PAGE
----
We have three purposes in today’s hearing.
First, to learn about duplication in programs serving low-income children and families. Second, to ask whether, given that duplication, current programs are spending taxpayer money wisely. And third, to consider how we can do better to help more of our neighbors in need become self-reliant.
The most recent data on program duplication came in a well-publicized report GAO released in March, which found literally dozens of programs with similar or overlapping objectives and services provided. The report noted that by fixing this problem, “the federal government could potentially save billions of tax dollars annually and help agencies provide more efficient and effective services.”
Another GAO report released in January focused on a subset of the larger overall problem — how the federal government spends $18 billion on education and training programs across 47 different initiatives in nine different federal agencies. Of these programs, GAO found that only one in 10 had even been evaluated for effectiveness in the last seven years, and almost all of them overlapped with one or more programs. Since one of the programs in question is the Temporary Assistance for Needy Families program under our jurisdiction, and that program needs to be reauthorized this year, we should all take note of those facts.
Unfortunately, the redundancy doesn’t stop there. Depending on how you count, the Ways and Means Committee oversees no less than six income support programs, four child care programs, and nine child welfare programs. That includes both spending and tax programs, which have mushroomed in number and expense in recent years. One example of that duplication and overlap involves the Social Services Block Grant program, which provides $1.7 billion each year to states. This program has no eligibility criteria and requires no matching funds from states. States use almost a third of this money for services provided by other programs, such as foster care and child care. While states rightly desire flexibility to meet the needs of the people they serve, common sense suggests the Federal government should not operate multiple programs serving the same purpose, each with different eligibility, reporting, and accounting requirements.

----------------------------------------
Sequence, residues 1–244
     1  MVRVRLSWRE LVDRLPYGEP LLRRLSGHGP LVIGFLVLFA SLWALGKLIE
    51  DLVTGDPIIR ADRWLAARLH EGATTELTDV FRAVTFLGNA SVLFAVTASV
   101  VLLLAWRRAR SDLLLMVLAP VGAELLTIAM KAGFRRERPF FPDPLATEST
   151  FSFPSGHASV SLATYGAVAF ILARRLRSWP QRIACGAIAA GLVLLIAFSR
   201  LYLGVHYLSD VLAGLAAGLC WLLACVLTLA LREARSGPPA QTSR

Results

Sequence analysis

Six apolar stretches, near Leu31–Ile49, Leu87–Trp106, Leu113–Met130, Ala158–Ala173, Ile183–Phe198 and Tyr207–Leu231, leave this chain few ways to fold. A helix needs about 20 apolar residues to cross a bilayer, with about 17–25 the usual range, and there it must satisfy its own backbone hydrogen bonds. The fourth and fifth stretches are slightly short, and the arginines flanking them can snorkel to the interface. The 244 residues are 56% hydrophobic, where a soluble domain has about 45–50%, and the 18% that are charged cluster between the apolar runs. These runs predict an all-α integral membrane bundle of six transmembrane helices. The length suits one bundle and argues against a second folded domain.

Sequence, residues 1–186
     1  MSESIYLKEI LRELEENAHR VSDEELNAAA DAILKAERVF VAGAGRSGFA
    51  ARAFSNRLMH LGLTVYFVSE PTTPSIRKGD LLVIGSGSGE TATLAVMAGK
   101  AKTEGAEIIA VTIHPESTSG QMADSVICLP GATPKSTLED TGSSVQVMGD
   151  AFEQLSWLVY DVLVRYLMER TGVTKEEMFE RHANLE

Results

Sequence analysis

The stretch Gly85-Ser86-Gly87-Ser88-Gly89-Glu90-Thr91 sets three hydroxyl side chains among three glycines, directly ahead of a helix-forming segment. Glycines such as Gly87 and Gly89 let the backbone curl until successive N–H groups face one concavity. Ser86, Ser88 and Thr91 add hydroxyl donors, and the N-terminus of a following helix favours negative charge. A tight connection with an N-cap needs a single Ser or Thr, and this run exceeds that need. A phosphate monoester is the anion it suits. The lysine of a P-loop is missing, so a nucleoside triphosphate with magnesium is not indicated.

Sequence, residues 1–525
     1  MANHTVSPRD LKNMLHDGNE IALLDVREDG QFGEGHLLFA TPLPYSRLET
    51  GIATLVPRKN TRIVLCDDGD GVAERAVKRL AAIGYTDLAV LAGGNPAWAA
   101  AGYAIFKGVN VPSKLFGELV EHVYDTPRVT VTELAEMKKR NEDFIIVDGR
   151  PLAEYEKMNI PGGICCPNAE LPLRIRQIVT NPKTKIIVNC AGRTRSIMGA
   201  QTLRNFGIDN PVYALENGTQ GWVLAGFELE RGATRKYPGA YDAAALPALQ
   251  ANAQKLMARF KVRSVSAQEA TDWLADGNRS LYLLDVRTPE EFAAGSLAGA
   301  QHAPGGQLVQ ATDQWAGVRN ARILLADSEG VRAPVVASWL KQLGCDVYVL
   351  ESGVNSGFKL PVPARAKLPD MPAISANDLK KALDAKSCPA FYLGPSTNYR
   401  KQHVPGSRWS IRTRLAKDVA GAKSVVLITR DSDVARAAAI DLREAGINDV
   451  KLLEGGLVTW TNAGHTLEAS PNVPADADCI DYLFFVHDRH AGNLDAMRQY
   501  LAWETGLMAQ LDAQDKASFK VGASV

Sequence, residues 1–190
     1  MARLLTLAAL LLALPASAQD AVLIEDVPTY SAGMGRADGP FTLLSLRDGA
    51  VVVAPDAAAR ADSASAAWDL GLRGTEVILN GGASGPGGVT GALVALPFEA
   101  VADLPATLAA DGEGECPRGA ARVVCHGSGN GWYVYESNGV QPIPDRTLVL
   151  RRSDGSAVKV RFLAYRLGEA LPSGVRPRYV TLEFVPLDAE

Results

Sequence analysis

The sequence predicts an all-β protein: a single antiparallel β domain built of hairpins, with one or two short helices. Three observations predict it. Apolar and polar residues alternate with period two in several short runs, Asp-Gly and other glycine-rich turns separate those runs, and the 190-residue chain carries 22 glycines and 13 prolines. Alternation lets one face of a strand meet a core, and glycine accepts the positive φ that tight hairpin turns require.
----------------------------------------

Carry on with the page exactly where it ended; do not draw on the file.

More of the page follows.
Such duplication can create a complex labyrinth that states implementing programs, and more importantly real people in need of help, are forced to navigate.
And helping those in need is the real point of all this, after all. As President Obama stated in his inaugural address, “The question we ask today is not whether our government is too big or too small, but whether it works….Where the answer is yes, we intend to move forward. Where the answer is no, programs will end.”
Our goal today is to review how current programs in our jurisdiction work, and how they can be made to work better. In the current fiscal climate, it is especially important to understand where duplication exists, how we minimize that duplication and achieve savings, and ultimately how we can provide better services for those in need.
We look forward to all of our testimony on those points.